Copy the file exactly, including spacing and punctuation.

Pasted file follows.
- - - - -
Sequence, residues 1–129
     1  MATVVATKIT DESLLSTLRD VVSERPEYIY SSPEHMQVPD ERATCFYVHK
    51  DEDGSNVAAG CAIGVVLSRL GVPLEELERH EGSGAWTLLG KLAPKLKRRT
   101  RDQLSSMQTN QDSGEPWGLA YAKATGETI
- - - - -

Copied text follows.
Sequence, residues 1–129
     1  MATVVATKIT DESLLSTLRD VVSERPEYIY SSPEHMQVPD ERATCFYVHK
    51  DEDGSNVAAG CAIGVVLSRL GVPLEELERH EGSGAWTLLG KLAPKLKRRT
   101  RDQLSSMQTN QDSGEPWGLA YAKATGETI